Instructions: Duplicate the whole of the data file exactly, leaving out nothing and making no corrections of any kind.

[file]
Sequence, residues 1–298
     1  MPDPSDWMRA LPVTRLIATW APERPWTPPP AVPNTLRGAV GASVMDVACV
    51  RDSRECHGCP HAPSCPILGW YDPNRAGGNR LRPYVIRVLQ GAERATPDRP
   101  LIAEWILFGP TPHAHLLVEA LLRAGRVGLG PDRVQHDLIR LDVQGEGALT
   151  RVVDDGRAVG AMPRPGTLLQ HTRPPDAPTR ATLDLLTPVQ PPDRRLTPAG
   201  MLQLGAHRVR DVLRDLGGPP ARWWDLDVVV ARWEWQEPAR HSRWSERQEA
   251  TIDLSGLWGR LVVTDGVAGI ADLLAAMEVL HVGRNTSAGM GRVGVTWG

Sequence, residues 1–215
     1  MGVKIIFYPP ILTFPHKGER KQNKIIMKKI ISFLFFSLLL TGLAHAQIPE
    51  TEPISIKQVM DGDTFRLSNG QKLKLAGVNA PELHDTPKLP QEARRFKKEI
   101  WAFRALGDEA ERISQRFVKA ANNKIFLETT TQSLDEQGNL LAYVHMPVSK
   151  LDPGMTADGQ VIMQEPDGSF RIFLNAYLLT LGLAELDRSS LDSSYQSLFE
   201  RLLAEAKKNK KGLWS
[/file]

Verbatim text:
Sequence, residues 1–298
     1  MPDPSDWMRA LPVTRLIATW APERPWTPPP AVPNTLRGAV GASVMDVACV
    51  RDSRECHGCP HAPSCPILGW YDPNRAGGNR LRPYVIRVLQ GAERATPDRP
   101  LIAEWILFGP TPHAHLLVEA LLRAGRVGLG PDRVQHDLIR LDVQGEGALT
   151  RVVDDGRAVG AMPRPGTLLQ HTRPPDAPTR ATLDLLTPVQ PPDRRLTPAG
   201  MLQLGAHRVR DVLRDLGGPP ARWWDLDVVV ARWEWQEPAR HSRWSERQEA
   251  TIDLSGLWGR LVVTDGVAGI ADLLAAMEVL HVGRNTSAGM GRVGVTWG

Sequence, residues 1–215
     1  MGVKIIFYPP ILTFPHKGER KQNKIIMKKI ISFLFFSLLL TGLAHAQIPE
    51  TEPISIKQVM DGDTFRLSNG QKLKLAGVNA PELHDTPKLP QEARRFKKEI
   101  WAFRALGDEA ERISQRFVKA ANNKIFLETT TQSLDEQGNL LAYVHMPVSK
   151  LDPGMTADGQ VIMQEPDGSF RIFLNAYLLT LGLAELDRSS LDSSYQSLFE
   201  RLLAEAKKNK KGLWS